A comparison of lung lamellar body phospholipids from premature and term infants: Is sphingomyelin a contaminant of surfactant?

M. A. Neumann, E. J. McMurchie, R. A. Gibson

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6 Citations (Scopus)


Lamellar bodies were isolated from homogenates of lungs obtained at autopsy from premature infants (n = 9), and compared to lamellar bodies from three full term reference groups including 55 infants with sudden infant death syndrome (SIDS), 14 control infants, and 3 who succumbed to intra‐uterine death (IUD) at term. Analysis of the phospholipids was expected to reveal a high proportion of sphingomyelin (Spm) in the lamellar bodies isolated from the lungs of premature infants (24 to 33 weeks gestational age) since at this stage of their development the percentage of Spm in the amniotic fluid is high. However, Spm was either absent or a small proportion of the total phospholipid in lamellar body surfactant from these premature infants. Spm was also a small percentage of phospholipid in the lamellar body surfactant of infants with SIDS and from control and IUD specimens. It is suggested that Spm may not be a normal constituent of lamellar body surfactant but rather a contaminant from membranes. Pediatr Pulmonal 1990; 9:162–165.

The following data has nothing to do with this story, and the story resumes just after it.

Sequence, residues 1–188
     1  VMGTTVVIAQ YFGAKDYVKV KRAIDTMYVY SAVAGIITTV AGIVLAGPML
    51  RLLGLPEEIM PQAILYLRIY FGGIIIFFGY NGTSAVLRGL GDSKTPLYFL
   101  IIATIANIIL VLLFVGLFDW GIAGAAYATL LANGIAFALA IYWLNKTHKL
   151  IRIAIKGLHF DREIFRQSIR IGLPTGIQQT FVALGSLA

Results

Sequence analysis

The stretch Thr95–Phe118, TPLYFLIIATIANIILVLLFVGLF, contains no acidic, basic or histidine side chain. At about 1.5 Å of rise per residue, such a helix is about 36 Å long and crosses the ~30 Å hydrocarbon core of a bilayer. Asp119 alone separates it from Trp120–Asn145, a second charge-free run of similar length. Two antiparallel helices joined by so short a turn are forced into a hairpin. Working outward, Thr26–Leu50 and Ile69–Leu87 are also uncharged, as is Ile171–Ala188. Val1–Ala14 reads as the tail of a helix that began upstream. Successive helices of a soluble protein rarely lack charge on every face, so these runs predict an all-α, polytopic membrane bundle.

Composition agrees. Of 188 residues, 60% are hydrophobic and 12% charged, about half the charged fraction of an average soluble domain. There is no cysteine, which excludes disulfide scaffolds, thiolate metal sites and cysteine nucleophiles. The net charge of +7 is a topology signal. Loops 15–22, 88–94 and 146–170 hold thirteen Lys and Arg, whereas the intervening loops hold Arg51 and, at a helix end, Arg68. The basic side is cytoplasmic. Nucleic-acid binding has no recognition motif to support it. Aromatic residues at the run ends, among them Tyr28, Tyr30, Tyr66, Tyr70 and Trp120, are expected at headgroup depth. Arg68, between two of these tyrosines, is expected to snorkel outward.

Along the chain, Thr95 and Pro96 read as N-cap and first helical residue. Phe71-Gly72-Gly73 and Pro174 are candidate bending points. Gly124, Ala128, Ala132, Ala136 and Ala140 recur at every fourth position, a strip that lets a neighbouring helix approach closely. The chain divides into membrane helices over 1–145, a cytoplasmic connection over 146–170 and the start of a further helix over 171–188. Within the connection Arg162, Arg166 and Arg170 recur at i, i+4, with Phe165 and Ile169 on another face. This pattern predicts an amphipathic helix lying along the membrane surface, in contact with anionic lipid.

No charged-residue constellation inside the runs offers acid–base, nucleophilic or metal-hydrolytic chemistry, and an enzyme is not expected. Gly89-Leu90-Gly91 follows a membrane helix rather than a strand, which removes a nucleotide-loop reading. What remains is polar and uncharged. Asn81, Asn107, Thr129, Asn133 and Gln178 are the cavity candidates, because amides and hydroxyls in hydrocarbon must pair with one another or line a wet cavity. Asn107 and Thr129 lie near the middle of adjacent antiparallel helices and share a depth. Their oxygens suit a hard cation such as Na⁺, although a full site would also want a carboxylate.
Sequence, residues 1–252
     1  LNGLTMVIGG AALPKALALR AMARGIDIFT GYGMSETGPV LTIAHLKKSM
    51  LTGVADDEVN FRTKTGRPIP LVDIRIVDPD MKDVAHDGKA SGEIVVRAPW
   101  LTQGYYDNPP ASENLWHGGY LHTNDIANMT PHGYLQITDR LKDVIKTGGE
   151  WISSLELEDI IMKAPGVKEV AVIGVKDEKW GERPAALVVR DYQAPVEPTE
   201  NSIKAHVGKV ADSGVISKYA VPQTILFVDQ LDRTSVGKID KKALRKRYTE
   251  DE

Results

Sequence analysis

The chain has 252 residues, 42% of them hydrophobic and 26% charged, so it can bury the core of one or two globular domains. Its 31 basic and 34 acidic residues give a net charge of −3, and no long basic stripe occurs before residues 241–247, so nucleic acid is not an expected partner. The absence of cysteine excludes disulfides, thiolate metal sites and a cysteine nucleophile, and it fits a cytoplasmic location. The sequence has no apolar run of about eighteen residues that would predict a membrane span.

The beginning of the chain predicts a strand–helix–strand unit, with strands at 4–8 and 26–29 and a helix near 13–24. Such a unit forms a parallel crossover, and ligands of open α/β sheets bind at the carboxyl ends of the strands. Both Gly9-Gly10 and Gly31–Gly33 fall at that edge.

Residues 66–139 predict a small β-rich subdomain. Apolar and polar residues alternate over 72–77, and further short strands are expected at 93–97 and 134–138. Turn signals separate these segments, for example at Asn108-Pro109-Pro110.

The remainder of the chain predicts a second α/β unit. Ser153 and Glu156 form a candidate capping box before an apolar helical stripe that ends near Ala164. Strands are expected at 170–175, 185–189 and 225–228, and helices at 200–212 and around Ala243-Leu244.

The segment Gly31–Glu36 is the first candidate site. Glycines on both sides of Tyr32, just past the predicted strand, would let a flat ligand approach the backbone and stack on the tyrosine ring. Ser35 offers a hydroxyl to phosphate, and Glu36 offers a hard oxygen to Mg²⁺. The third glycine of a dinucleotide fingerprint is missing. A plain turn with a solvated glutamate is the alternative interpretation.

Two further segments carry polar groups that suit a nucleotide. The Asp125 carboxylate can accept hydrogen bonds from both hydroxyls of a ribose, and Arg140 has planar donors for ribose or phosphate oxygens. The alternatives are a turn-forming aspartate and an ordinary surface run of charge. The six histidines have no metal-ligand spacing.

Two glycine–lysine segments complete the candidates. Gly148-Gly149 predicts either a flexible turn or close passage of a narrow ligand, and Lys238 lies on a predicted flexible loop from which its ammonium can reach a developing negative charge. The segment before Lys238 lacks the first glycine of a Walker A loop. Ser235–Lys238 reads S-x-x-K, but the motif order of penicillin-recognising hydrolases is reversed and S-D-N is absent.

Original languageEnglish
Pages (from-to)162-165
Number of pages4
JournalPediatric Pulmonology
Issue number3
Publication statusPublished or Issued - 1990


  • DSPC/PC ratio
  • fatty acid composition
  • Lecithin/sphingomyelin ratio
  • phospholipid/protein ratio

ASJC Scopus subject areas

  • Pediatrics, Perinatology, and Child Health
  • Pulmonary and Respiratory Medicine

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